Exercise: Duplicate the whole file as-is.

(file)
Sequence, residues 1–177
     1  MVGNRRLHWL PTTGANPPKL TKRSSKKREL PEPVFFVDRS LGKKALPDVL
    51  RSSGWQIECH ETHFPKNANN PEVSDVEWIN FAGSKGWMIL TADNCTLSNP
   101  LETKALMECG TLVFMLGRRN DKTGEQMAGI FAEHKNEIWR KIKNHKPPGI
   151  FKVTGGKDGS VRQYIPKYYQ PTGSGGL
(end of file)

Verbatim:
Sequence, residues 1–177
     1  MVGNRRLHWL PTTGANPPKL TKRSSKKREL PEPVFFVDRS LGKKALPDVL
    51  RSSGWQIECH ETHFPKNANN PEVSDVEWIN FAGSKGWMIL TADNCTLSNP
   101  LETKALMECG TLVFMLGRRN DKTGEQMAGI FAEHKNEIWR KIKNHKPPGI
   151  FKVTGGKDGS VRQYIPKYYQ PTGSGGL